globalisation and dispersion of information and technology will
have occurred to such a massive extent, that it will change
the scale and nature of human enterprise. Based on changes that
have already taken place in recent decades, we can safely assume
that by 2030, the way we live, work and educate ourselves, or
compete and trade, and the manner in which we grow old and become
sick, would have been completely transformed.
In spite of often divergent and always passionate views and
opinions, there is a remarkable consensus among all national
stakeholders about the possible state of affairs for Pakistan.
Everyone agrees the country is neither too small nor too poor
to be irrelevant, nor is its population too large to pull it
down. It has, however, reached a certain 'tipping point', when
the right choices and their intelligent calibration can help
Pakistan attain its historical promise, while the wrong choices
will revert it to a state of 'muddling through' at best. Alternatively,
it could benchmark itself against the best of the world with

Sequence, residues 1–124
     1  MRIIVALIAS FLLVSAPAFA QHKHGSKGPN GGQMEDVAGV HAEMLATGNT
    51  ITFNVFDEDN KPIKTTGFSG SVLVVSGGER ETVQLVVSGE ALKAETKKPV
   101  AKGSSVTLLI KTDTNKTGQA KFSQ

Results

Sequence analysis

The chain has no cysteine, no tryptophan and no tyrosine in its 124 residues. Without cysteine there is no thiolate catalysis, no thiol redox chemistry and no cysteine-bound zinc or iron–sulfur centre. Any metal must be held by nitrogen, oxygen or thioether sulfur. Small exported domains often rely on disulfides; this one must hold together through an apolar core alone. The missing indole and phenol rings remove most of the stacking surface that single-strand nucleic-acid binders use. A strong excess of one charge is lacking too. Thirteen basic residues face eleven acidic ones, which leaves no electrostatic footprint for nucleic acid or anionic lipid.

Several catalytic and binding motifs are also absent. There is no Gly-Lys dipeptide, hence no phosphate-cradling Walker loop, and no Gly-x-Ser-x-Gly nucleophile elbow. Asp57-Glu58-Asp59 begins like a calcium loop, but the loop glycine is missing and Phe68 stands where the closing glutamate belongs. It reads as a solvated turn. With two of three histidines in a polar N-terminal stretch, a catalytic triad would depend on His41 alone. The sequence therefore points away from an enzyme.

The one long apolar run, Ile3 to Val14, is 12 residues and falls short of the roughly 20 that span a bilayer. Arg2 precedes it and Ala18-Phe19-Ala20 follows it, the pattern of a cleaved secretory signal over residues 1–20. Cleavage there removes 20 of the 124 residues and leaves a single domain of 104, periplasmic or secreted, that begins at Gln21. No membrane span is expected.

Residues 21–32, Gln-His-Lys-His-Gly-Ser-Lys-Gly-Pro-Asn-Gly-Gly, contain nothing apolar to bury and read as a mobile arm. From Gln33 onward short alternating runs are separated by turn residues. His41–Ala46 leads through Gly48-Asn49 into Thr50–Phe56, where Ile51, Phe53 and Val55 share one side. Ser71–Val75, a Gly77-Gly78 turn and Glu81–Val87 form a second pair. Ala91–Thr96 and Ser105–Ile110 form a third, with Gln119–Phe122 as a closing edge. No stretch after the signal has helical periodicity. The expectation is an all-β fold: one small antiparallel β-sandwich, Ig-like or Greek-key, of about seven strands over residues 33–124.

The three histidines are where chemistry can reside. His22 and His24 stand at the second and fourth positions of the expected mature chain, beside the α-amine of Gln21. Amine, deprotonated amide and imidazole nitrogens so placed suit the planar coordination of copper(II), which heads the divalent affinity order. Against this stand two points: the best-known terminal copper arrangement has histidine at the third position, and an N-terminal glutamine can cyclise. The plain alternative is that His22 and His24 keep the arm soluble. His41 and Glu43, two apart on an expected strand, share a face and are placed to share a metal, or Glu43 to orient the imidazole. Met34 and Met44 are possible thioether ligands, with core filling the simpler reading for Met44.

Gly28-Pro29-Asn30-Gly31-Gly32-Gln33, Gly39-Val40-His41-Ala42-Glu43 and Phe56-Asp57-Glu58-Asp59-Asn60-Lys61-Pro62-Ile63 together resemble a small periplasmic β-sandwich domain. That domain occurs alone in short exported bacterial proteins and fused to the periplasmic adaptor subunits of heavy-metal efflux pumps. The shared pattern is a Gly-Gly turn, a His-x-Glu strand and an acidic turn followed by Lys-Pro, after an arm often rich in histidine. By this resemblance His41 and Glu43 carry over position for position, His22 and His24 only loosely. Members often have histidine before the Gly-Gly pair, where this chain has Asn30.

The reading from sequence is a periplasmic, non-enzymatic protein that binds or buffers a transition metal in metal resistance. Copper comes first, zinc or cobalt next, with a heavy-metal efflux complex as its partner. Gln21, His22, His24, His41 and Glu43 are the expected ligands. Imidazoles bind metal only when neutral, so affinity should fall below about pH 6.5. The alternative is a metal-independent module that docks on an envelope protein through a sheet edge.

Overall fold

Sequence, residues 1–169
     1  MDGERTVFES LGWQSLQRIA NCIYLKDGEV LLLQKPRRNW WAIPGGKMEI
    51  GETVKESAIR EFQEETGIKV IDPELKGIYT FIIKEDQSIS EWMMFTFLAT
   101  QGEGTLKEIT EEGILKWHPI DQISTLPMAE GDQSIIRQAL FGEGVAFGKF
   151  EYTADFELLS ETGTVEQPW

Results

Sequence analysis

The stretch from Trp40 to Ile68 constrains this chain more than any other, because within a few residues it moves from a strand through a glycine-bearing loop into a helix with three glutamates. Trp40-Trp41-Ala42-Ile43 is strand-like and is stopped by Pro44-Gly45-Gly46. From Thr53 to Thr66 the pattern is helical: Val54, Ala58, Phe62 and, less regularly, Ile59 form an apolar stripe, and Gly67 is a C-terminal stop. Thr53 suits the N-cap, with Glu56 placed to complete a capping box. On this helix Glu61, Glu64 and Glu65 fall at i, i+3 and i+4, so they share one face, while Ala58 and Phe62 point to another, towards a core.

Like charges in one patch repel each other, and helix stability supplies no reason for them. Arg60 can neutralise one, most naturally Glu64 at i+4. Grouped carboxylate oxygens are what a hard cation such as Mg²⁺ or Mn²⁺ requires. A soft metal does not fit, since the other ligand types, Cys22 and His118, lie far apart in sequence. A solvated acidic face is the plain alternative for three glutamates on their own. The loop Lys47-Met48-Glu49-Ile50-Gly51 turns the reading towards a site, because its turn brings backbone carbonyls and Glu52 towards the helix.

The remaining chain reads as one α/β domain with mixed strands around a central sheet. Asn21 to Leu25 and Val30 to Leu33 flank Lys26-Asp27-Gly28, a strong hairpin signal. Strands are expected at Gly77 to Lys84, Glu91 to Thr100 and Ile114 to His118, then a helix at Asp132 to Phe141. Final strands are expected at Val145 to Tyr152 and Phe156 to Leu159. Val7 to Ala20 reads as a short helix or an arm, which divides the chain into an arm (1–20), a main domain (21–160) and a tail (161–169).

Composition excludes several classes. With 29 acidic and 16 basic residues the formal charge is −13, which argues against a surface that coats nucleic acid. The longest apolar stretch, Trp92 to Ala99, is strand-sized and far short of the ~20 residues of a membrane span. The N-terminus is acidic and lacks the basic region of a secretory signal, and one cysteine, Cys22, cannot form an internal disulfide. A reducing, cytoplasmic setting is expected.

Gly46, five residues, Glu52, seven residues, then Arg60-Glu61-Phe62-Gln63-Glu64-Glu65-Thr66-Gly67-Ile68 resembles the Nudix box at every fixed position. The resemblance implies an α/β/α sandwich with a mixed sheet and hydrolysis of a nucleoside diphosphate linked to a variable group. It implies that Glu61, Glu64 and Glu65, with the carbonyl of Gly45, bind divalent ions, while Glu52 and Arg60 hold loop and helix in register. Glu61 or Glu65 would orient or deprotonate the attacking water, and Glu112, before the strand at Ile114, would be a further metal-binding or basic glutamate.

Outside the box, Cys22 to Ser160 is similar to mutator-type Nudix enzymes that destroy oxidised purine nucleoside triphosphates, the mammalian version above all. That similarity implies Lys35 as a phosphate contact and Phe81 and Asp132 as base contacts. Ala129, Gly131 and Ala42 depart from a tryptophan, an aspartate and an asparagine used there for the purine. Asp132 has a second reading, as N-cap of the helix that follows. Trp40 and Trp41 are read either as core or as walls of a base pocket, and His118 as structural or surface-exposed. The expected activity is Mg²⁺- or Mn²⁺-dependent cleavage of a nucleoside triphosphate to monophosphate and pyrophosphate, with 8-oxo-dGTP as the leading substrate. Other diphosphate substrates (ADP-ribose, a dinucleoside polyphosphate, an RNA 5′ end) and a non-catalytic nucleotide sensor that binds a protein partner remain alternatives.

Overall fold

felicity and confidence and attain its true potential. This
transformation therefore offers vast opportunities as well as
challenges for Pakistan.
All strategies and action matrices to be drawn up for Pakistan
reaching the desired state under the Vision 2030 must be subservient
to the overarching objective of becoming a vibrant knowledge
economy. The economics of knowledge must therefore underpin
policies for growth. Since many other nations are also embarking
on the path of either enhancing their existing knowledge drivers
or becoming similar knowledge driven societies, Vision 2030
is as much about Pakistan and Pakistanis competing with other
nations, as it is about internal transformation.
Vision 2030 is all about managing such a transition. It calls
for a quest for excellence, so that Pakistan can redefine and
transform its institutions and structures of the state, as well
as national policies, strategic priorities and long-term benchmarks,
within the overarching Vision for Pakistan in 2030.
There is consensus on the following:
If this transition is
brought about successfully, we can aspire to become an influential
nation of the 21st century. It will be a nation that has achieved